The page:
Borne there by the Spirit of Christmas-Past, the scene opens: It is Christmas once more, and Scrooge is standing outside the warehouse where he was once an apprentice. They go inside, and Scrooge is delighted to find his former boss – Mr. Fezziwig.
Mr. Fezziwig instructs a young Scrooge and his fellow apprentice, Dick, to prepare the premises for their annual Christmas party.
The scene fills as in comes a fiddler, Mrs. Fezziwig, all the other Fezziwigs together with all the employees.
They enjoy music and dancing, and finally, the joyous evening comes to a close; Scrooge is forced to reflect on his own treatment as an employer regarding his staff.
“When the clock struck eleven, this domestic ball broke up. Mr. and Mrs. Fezziwig took their stations, one on either side of the door, and shaking hands with every person individually as he or she went out, wished him or her a Merry Christmas. When everybody had retired but the two apprentices, they did the same to them; and thus, the cheerful voices died away, and the lads were left to their beds.
During the whole of this time, Scrooge had acted like a man out of his wits. His heart and soul were in the scene and with his former self. He remembered everything and enjoyed everything. It was not until now, when the bright faces of his former self and Dick were turned from them, that he remembered the Ghost, and became conscious that it was looking full upon him, while the light upon its head burnt very clear.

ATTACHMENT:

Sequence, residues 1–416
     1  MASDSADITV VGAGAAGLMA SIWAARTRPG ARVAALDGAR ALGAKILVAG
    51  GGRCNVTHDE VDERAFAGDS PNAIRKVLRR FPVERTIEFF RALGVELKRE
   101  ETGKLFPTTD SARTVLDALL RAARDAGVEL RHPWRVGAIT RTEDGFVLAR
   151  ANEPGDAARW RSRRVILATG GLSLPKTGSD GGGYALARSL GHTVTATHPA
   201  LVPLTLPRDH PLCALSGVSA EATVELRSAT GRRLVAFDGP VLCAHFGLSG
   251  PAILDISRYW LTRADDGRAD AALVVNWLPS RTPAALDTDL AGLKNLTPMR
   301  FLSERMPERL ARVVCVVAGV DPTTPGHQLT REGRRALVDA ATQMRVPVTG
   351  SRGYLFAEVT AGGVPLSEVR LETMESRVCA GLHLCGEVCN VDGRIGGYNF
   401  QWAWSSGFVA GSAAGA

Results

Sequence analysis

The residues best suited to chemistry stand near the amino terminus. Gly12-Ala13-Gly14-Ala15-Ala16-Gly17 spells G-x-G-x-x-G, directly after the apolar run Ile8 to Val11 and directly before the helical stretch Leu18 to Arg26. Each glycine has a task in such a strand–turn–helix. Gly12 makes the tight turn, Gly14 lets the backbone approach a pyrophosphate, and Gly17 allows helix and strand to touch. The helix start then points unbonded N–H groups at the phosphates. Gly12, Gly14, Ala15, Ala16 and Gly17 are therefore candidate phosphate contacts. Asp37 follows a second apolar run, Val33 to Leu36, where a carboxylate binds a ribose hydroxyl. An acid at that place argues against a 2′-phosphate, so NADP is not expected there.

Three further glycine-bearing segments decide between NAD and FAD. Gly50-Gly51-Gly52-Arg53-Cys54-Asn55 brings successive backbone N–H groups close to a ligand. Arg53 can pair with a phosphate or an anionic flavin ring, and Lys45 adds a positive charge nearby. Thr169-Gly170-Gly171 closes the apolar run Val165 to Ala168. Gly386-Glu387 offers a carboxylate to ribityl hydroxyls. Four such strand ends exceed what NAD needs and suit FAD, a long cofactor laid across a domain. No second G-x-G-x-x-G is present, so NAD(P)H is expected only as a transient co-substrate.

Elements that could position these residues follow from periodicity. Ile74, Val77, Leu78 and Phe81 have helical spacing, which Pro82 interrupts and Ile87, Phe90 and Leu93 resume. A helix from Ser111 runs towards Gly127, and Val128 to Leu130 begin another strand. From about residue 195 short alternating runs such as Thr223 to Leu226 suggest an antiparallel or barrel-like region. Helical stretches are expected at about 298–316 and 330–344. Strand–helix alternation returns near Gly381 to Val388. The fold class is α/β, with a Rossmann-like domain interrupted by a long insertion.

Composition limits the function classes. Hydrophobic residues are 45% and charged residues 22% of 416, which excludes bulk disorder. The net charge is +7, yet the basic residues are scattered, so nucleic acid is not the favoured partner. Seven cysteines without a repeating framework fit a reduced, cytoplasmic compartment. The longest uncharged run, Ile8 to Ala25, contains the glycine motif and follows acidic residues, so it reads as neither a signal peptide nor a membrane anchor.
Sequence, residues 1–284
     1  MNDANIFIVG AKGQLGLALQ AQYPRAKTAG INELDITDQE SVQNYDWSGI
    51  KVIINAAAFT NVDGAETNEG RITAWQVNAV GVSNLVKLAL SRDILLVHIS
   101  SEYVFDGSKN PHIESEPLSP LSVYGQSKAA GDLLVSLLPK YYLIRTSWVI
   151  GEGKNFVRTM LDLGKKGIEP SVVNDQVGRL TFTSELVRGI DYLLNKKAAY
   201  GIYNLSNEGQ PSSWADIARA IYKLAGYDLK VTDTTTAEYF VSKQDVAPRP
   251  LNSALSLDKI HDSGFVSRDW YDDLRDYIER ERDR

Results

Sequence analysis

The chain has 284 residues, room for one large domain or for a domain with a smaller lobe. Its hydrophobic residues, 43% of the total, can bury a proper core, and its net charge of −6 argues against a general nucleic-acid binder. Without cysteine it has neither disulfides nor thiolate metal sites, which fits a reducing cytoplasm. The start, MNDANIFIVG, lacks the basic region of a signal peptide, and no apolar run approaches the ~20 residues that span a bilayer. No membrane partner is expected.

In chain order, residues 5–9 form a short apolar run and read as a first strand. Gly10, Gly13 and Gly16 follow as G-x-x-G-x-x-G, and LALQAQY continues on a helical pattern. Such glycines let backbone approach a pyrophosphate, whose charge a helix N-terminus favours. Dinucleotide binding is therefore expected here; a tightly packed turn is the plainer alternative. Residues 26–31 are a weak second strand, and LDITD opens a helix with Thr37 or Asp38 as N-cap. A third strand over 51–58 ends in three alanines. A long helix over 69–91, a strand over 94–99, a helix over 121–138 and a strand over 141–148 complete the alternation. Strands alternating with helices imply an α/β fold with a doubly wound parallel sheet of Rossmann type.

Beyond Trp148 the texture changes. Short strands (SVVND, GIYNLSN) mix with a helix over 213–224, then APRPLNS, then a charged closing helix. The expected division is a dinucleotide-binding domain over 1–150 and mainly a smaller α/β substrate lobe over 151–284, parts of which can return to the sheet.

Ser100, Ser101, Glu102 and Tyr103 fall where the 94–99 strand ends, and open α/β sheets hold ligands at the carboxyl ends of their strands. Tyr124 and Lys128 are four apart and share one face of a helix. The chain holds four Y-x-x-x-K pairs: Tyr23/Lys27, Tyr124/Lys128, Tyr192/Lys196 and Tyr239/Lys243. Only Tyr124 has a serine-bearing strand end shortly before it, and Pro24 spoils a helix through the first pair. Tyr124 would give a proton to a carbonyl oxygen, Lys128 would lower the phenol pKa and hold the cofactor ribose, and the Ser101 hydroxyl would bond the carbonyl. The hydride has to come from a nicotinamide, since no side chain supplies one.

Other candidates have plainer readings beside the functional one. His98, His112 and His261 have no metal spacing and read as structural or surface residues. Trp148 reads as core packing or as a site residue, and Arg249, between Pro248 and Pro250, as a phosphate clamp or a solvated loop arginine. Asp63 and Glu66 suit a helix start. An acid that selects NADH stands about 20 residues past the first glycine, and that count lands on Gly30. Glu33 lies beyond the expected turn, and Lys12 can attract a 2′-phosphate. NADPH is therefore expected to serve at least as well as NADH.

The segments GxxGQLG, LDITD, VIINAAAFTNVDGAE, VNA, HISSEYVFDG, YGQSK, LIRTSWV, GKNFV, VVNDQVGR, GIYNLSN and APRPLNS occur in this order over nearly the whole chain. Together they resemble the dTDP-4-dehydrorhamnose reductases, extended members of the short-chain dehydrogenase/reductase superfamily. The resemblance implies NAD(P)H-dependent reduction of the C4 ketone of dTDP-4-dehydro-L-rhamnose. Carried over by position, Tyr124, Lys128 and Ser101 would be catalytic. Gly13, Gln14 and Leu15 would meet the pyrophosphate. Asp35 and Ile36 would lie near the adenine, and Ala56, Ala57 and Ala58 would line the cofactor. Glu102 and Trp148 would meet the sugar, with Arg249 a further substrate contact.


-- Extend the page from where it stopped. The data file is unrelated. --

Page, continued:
‘A small matter,’ said the Ghost, ‘to make these silly folks so full of gratitude.’
‘Small!’ echoed Scrooge.
The Spirit signed to him to listen to the two apprentices, who were pouring out their hearts in praise of Fezziwig. And when Scrooge had done so, the Spirit said:
‘Why! Is it not? He’s spent but a few pounds of your mortal money: three or four perhaps. Is that so much that he deserves this praise?’
‘It isn’t that,’ said Scrooge, heated by the remark, and speaking unconsciously like his former, not his latter, self. ‘It isn’t that, Spirit. He has the power to render us happy or unhappy; to make our service light or burdensome; a pleasure or a toil. The happiness he gives is quite as great as if it cost a fortune.’
He felt the Spirit’s glance, and stopped.
‘What’s the matter?’ asked the Ghost.
‘Nothing particular,’ said Scrooge.
‘Something, I think?’ the Ghost insisted.
‘No,’ said Scrooge, ‘No. I should like to be able to say a word or two to my clerk, Bob Cratchit, just now! That’s all.”
In contrast to Fezziwig, who treated his employees with generosity and kindness, Scrooge regarded his employee with the mean-spiritedness of the cold-hearted businessman he was. For Scrooge, it was always profit over people, and the only thing that mattered in his personal and professional life was his bottom line. Scrooge was demanding of himself and, therefore, hard on others. It’s a general rule of thumb that one cannot treat others differently than one’s Self. Scrooge lived on the very edge of his own heart. He was a stingy man, a perfect misanthrope, and it cost him greatly in terms of his relationships.
In contrast, to Scrooge, Fezziwig symbolizes all that Scrooge is not. Fezziwig was lavishly generous, and his extraordinary generosity was life-giving and in a manner that liberated the very heart of those who worked for him. Fezziwig, it might be argued, fostered a corporate structure of significance in which those on the lowest rung of the business ladder were celebrated with those at the very top and made to feel significant. Generosity was a characteristic of Fezziwig; it was not something he tagged on for profit. Generosity was part of the very fabric of his being and lived out in his business dealings. As Dale Partridge has said, “When generosity is who you are rather than something you do, it will seep out of your organization’s pores Naturally.” that’s the bottom line that even Scrooge could accept.